1863-1938 Related Paintings of Cornelia Kuemmel :. | The Pilgrims of Emmaus | Who Comes There (mk43) | The Wedding Feast at Cana | The road from versailles at Louveciennes | Ingres Posing for the Figure of the Virgin in the Vow of Louis XIII (MK04) |
Related Artists:Nicolas Mignard
(1606-1668) was a French 17th Century painter. He spent most of his active life in Avignon and was the older brother of Pierre Mignard.
Nicolas Mignard was born in Troyes in 1606. There, he studied painting with a local master. After traveling to Fontainebleau, Mignard came to Avignon in 1632. He then traveled to Rome with Cardinal Archbishop of Lyon. Mignard came back to Avignon in 1636, after having executed multiple series of etching in Rome. There, he mostly painted for religious institutions. Mignard spent the end of his life in Paris, where he became a successful portrait painter. Mignard left Paris after a visit of King Louis XIV and his Court in Avignon. King Louis XIV decided to bring Mignard to Paris. Mignard eventually joined the Academie Royale.
Mignardes spending most of his life in Avignon made his career somewhat overshadowed by his little brother Pierre, who was installed in Paris. After his death, paintings by Nicolas Mignard mostly stayed in Avignon or in small cities around Avignon. During the French Revolution, as these paintings were taken over, most of them were attributed to Pierre Mignard.
His art is now rediscovered. His style is typical of the Italianate classicizing aesthetic that dominated seventeenth-century France, and obviously was very much influenced by French classical Baroque painter Poussin.
Nicolas Mignard died in 1668 in Paris.
Italian Early Renaissance Painter, ca.1430-1515
was a Northern-Italian Renaissance painter. He was an elderly contemporary of Leonardo da Vinci. Born at Bagnolo Mella, near Brescia in the Republic of Venice, he settled in Pavia around 1456, serving the dukes of Milan and emerging as one of the most prominent Lombard painters. Foppa returned to Brescia in 1489. His style shows affinities to Andrea del Castagno and Carlo Crivelli. Vasari claimed he had trained in Padua, where he may have been strongly influenced by Mantegna. During his lifetime, he was highly acclaimed, especially for his skill in perspective and foreshortening. His important works include a fresco in the Brera Gallery of Milan, the Martyrdom of St. Sebastian, and a Crucifixion (1435) in the Accademia Carrara of Bergamo. Many of his works have been lost. He was influential in the styles of Vincenzo Civerchio and Girolamo Romanino.
1716-1780. a Spanish painter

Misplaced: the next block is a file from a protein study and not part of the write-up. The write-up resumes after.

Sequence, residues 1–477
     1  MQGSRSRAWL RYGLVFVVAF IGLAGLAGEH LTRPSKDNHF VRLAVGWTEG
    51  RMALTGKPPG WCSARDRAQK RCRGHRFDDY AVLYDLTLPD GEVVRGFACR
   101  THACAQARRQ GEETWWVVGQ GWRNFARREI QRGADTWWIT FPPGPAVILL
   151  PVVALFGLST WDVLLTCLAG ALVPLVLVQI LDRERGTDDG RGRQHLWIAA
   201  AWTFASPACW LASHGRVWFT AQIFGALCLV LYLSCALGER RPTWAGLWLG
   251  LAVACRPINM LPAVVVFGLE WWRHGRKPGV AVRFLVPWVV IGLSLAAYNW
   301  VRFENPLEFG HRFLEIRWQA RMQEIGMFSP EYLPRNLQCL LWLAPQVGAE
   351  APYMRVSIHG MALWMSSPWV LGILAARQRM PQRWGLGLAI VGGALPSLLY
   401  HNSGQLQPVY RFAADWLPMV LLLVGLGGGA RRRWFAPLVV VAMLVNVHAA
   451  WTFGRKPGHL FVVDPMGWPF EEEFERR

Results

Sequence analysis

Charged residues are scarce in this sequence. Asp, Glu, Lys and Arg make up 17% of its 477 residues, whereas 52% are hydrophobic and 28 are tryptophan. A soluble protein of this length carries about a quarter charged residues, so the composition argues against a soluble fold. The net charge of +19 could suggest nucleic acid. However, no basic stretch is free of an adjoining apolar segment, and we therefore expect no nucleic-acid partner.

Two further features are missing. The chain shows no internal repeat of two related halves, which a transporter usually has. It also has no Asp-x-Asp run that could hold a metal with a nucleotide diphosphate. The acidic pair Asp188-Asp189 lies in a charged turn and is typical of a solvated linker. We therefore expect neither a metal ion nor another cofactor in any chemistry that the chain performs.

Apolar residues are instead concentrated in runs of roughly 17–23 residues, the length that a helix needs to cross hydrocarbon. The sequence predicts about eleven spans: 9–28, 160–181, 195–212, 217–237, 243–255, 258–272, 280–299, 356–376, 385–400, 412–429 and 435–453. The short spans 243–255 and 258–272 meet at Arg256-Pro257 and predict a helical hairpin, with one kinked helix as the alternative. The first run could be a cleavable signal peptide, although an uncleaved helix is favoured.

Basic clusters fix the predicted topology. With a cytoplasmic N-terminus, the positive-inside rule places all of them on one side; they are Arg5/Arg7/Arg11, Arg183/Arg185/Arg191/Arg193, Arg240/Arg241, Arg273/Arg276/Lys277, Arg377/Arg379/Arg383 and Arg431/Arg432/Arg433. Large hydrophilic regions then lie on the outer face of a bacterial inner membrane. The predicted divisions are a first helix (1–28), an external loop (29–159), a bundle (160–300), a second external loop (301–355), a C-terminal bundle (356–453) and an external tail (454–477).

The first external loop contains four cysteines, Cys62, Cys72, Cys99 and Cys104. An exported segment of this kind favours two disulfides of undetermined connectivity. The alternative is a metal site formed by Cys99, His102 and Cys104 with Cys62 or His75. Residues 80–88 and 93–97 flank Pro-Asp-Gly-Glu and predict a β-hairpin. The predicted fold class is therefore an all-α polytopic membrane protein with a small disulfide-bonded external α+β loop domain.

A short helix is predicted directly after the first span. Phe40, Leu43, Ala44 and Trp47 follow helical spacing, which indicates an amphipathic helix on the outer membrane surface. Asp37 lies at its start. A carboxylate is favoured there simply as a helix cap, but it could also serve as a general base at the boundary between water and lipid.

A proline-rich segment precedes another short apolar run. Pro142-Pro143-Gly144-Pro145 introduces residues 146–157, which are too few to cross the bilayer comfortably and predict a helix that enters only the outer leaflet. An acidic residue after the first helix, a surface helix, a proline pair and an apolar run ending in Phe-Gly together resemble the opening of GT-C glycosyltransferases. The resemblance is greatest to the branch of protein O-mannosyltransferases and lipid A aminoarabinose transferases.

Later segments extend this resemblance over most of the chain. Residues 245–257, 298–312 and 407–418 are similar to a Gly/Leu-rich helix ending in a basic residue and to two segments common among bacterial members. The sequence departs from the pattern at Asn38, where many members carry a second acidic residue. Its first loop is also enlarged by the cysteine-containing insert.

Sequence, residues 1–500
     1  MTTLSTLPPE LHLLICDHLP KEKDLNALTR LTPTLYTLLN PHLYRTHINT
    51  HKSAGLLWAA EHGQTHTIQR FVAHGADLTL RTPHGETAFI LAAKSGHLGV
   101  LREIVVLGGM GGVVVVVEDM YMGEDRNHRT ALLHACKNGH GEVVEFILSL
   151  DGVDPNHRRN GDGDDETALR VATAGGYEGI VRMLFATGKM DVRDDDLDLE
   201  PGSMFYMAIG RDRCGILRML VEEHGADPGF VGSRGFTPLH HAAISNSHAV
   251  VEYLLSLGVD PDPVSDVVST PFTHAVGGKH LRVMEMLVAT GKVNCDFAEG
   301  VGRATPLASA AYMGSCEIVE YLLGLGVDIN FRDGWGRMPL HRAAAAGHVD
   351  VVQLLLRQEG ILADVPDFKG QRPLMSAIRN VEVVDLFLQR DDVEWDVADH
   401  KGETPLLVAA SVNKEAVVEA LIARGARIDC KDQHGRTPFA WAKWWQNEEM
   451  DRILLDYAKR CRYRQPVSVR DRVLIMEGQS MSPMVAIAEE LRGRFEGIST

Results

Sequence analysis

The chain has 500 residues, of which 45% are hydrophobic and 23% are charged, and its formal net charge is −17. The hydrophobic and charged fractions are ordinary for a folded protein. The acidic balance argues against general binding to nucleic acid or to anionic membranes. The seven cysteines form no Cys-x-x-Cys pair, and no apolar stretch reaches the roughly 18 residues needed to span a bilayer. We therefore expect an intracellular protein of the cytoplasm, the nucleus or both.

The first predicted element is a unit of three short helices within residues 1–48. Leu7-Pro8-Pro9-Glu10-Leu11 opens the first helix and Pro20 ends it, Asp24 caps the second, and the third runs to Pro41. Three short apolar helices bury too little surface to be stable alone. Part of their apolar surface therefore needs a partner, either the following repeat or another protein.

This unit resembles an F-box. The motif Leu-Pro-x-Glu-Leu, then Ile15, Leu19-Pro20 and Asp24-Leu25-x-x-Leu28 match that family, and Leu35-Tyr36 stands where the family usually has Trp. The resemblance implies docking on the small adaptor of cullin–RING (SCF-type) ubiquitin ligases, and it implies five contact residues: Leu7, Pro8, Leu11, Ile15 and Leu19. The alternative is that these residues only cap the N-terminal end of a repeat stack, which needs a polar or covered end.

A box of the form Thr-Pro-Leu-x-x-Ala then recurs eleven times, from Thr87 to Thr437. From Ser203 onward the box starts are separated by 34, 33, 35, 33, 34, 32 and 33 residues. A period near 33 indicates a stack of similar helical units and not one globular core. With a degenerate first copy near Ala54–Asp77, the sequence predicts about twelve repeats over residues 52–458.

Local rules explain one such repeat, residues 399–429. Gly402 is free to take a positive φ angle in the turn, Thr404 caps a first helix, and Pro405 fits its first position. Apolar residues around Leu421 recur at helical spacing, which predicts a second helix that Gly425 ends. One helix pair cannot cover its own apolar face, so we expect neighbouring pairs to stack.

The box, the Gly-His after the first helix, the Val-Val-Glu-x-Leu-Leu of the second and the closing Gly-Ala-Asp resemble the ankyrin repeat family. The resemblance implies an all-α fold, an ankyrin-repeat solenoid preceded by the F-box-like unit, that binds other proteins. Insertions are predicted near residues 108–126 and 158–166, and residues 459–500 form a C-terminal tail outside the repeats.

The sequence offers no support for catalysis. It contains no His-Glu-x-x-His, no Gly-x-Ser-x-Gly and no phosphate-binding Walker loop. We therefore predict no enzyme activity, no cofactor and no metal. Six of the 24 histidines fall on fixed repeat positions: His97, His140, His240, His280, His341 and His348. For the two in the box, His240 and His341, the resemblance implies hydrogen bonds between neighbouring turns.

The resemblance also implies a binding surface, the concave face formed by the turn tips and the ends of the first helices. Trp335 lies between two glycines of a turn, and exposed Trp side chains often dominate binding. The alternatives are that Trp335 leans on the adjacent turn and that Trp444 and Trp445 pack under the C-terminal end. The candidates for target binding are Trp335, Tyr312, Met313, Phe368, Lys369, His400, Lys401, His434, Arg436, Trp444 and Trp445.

was a Spanish painter. Although he received little acclaim during his lifetime and died in poverty, Melendez is recognized today as the greatest Spanish still-life painter of the eighteenth century. His mastery of composition and light, and his remarkable ability to convey the volume and texture of individual objects enabled him to transform the most mundane of kitchen fare into powerful images. Luis Egidio Melendez de Rivera Durazo y Santo Padre was born in Naples in 1716. His father, Francisco Melendez de Rivera Diaz (1682- after 1758), was a miniaturist painter from Oviedowho had moved to Madrid with his older brother, the portrait painter Miguel Jacinto Melendez (1679-1734) in pursuit of artistic instruction.Whereas Miguel remained in Madrid to study and became a painter in the court of Philip V, Francisco left for Italy in 1699 to seek greater artistic exposure. Francisco took a special interest in visiting the Italian academies and settled in Naples where he married Maria Josefa Durazo y Santo Padre Barrille.Luis was a year old when his father, who had been a soldier in a Spanish garrison and lived abroad for almost two decades, returned to Madrid with the family. Luis Egidio, his brother Jos' Agusten, and Ana, one of his sisters, began their careers under the tutelage of their father, who was appointed the King's Painter of Miniatures in 1725.After several years, in his words: painting royal portraits in jewels and bracelets to serve as gifts for envoys and ambassadors, he entered the workshop of Louis Michel van Loo (1707-1771), a Frenchman who had been made royal painter of Philip V of Spain. Between 1737 to 1742, Melendez worked as a part of a team of artist dedicated to copying van Loo's prototypes of royal portraits for the domestic and overseas market, but at least he had a foothold in the palace. He had his artistic sights on a distinguished career as a court painter. When the Real Academia de Bellas Artes de San Fernando was provisionally inaugurated in 1744, his father, Francisco, was made an honorary director of painting and Luis was among the first students to be admitted, he achieved outstanding results in drawing. The Academy was progressive in that it not only tolerated but also encouraged the 'lesser' genres, including still life. At this time, he was already an accomplished painter as proved by his superb self-portrait at the Louvre signed in 1747. However, this opportunity was marred by a petty quarrel; Luis' father, Francisco, openly attacked the director of the Academy and claimed for himself the honor of being the founder. He had his son Luis personally delivered the inflammatory material to the Academy. Francisco was relieved of his teaching position and Luis was formally expelled from the Academy on June 15, 1748. Unlike his father, Luis professional status was precarious.